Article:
Former Sainsbury’s boss Justin King faces prosecution in Egypt in a fresh twist to the saga that has engulfed the grocer’s doomed expansion into north Africa.
Yesterday it emerged that the retailer’s chief executive, Mike Coupe, had been sentenced to a two-year jail term in absentia after being found guilty of embezzlement.
Sainsbury’s “strongly refuted” all the allegations and said Coupe had not been made aware of the court proceedings, which took place back in September.
But today The Times reported that King, who was Coupe’s predecessor as Sainsbury’s chief, was convicted of the same offence last year and handed a three-year jail term.
King’s conviction for “breach of trust” was overturned on appeal in February, but the public prosecutor in Egypt has since filed a fresh application to review that acquittal.
A Sainsbury’s spokeswoman said: “Like Mike, Justin King did not work for Sainsbury’s at the time of the business deal that resulted in these allegations. Each of these cases have been unsuccessful or dismissed on appeal by the Egyptian courts.
“We have been given no reasoning as to why and on what grounds the public prosecutor has decided to challenge Justin’s acquittal.”
The hearings on the convictions of King and Coupe will be heard separately.
Coupe was forced to fly out to Egypt on Sunday to attend an appeal hearing alongside Sainsbury’s executives and security staff. Failure to do so would have been seen as “confirmation of his conviction”, Sainsbury’s said.
But the hearing was then adjourned until Sunday May 3, when a Sainsbury’s delegation will return to the country. It is not yet known whether Coupe himself will attend the rescheduled hearing.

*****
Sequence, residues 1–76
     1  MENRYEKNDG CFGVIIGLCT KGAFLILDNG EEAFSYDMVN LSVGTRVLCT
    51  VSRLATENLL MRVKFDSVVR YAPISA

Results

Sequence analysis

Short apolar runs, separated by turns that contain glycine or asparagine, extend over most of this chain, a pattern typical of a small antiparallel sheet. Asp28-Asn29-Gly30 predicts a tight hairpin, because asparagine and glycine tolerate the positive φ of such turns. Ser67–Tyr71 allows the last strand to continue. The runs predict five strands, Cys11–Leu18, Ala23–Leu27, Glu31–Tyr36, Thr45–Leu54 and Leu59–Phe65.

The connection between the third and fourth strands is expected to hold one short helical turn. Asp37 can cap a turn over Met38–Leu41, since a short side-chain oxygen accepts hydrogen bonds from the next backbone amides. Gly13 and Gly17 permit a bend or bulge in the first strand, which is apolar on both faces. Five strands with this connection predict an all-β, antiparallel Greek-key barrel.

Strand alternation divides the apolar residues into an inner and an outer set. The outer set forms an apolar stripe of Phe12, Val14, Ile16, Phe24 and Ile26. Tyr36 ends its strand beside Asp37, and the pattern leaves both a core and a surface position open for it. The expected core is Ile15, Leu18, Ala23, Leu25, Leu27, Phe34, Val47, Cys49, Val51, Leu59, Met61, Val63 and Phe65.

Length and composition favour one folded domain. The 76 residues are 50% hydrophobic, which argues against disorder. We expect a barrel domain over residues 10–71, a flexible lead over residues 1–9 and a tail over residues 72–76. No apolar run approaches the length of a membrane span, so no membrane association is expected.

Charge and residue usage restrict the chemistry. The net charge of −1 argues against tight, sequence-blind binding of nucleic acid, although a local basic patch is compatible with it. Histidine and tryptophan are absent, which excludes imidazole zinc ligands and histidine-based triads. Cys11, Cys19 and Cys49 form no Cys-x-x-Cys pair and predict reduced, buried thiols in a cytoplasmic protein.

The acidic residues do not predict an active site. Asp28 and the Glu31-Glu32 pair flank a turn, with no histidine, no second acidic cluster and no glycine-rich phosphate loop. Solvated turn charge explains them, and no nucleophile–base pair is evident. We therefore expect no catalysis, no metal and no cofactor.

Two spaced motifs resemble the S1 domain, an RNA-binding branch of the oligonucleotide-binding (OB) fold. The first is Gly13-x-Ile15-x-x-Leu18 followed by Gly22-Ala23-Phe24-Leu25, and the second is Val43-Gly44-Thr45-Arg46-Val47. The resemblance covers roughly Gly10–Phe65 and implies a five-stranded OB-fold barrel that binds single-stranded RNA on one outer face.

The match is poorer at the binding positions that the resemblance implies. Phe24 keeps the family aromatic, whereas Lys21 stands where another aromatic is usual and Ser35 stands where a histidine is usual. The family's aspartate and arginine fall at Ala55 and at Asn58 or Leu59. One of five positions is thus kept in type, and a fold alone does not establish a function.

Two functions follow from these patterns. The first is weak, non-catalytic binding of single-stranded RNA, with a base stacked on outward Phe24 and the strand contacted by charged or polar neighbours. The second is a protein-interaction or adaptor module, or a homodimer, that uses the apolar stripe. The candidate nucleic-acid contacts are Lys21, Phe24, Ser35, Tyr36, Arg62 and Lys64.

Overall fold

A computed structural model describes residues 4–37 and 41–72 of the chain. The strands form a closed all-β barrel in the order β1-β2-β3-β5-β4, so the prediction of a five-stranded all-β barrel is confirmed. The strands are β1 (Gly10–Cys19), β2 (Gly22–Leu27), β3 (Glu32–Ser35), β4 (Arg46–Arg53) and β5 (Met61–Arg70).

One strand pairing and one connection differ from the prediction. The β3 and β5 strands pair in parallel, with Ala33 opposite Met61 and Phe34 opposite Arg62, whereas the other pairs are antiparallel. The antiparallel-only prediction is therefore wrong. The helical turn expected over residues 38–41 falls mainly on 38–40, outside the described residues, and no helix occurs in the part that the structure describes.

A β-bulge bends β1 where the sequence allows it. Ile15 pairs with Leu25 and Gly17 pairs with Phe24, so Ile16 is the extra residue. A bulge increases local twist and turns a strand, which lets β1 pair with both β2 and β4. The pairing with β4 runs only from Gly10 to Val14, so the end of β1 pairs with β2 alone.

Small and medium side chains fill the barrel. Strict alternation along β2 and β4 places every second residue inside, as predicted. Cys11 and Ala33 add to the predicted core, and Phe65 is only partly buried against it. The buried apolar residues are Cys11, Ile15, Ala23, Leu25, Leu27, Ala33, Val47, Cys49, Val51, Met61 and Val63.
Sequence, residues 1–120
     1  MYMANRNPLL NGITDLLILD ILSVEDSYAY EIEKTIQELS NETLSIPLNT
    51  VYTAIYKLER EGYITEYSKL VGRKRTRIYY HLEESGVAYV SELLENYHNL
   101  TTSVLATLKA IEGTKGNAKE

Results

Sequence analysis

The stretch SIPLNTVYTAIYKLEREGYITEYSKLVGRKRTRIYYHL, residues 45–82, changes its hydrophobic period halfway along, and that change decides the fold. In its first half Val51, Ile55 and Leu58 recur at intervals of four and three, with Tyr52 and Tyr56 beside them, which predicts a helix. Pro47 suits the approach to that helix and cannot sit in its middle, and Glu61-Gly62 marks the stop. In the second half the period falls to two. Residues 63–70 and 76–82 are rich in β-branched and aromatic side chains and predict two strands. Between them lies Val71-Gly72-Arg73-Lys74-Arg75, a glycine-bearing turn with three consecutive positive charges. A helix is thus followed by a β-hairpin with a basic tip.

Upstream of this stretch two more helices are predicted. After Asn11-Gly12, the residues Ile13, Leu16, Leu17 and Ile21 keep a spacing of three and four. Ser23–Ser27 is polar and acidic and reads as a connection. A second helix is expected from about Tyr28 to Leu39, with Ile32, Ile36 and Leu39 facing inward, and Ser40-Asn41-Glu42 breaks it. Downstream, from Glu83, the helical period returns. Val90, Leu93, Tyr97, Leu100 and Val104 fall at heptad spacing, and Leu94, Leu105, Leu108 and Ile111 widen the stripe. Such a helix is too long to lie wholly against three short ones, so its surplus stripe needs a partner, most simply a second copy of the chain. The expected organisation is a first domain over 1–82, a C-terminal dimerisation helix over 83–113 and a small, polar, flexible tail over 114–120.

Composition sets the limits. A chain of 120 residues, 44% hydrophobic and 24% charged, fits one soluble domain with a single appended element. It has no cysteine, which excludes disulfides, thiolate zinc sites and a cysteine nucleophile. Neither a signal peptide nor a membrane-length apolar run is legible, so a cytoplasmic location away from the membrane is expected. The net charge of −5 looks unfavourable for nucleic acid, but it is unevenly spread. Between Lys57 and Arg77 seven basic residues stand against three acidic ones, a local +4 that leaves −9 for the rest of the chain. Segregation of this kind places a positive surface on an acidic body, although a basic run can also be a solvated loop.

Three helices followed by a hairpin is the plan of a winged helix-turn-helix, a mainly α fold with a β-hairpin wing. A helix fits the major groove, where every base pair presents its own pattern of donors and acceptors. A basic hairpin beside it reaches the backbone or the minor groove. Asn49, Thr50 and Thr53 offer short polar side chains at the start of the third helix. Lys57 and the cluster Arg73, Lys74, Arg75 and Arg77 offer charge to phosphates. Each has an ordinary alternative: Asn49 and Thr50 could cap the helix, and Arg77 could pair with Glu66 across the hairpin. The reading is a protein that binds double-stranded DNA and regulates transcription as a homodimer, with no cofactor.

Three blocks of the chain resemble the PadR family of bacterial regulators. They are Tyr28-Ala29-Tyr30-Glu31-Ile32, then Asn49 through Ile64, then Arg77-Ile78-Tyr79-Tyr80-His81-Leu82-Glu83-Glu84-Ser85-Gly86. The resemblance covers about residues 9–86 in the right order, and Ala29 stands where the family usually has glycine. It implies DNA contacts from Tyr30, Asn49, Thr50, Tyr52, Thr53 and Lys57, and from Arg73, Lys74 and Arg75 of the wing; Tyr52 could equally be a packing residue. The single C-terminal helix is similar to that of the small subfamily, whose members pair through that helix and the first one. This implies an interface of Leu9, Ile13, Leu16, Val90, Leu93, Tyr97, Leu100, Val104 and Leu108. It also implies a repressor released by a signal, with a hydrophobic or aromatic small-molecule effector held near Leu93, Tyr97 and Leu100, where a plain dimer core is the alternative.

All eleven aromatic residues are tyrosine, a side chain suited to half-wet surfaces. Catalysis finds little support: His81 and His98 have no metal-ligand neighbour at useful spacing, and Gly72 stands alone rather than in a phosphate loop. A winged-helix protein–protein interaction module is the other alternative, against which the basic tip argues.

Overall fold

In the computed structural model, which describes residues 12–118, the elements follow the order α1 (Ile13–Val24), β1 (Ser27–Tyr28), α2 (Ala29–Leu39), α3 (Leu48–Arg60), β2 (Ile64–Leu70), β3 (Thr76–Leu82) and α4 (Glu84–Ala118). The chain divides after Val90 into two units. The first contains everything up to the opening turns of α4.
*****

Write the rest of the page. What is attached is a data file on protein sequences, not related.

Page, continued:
The cases have been brought against the pair by Amr El Nasharty, the man who founded an Egyptian supermarket business in which Sainsbury’s invested in 16 years ago when it expanded into the country.
The retailer bought an 80% stake in Egyptian Distribution Group (Edge) in a move led by another former Sainsbury’s boss, Dino Adriano.
Sainsbury’s retreated from Egypt just 18 months after setting up shop, facing a boycott of its stores in Cairo and Giza and nursing losses of £100m. It sold its shares in Edge back to El Nasharty.
But the supermarket giant has since faced numerous compensation claims from El Nasharty. He claims that Coupe and King both attempted to seize cheques related to Edge’s bankruptcy.
According to Sainsbury’s, El Nasharty bought the joint venture from the UK retailer in 2001 but paid the grocer with cheques that bounced.
Coupe is alleged to have attempted to seize the cheques last July, which the grocer said was “an impossibility”.
Sainsbury’s said in a statement yesterday: “This relates to a historic commercial dispute in which Mike Coupe had no involvement and we strongly refute all the allegations.
“Mike Coupe was not employed by Sainsbury’s at the time of the original business deal in 2001 and has never met the complainant.
“When Mr El Nasharty bought our interest in the Egyptian joint venture we had with him in 2001, he paid us with cheques that were dishonoured. Mr El Nasharty is now claiming that Mike was in Egypt on July 15, 2014 and seized these cheques, which is an impossibility.
“Mike Coupe was in London carrying out his normal duties that day. In September 2014 Mike Coupe was convicted, without notice of the proceedings against him and in his absence, in an Egyptian court. We have taken all necessary steps to appeal against these groundless claims and will continue to do so.
“This process is being handled by our legal team and we do not anticipate it having any material, operational or financial impact on the company.”
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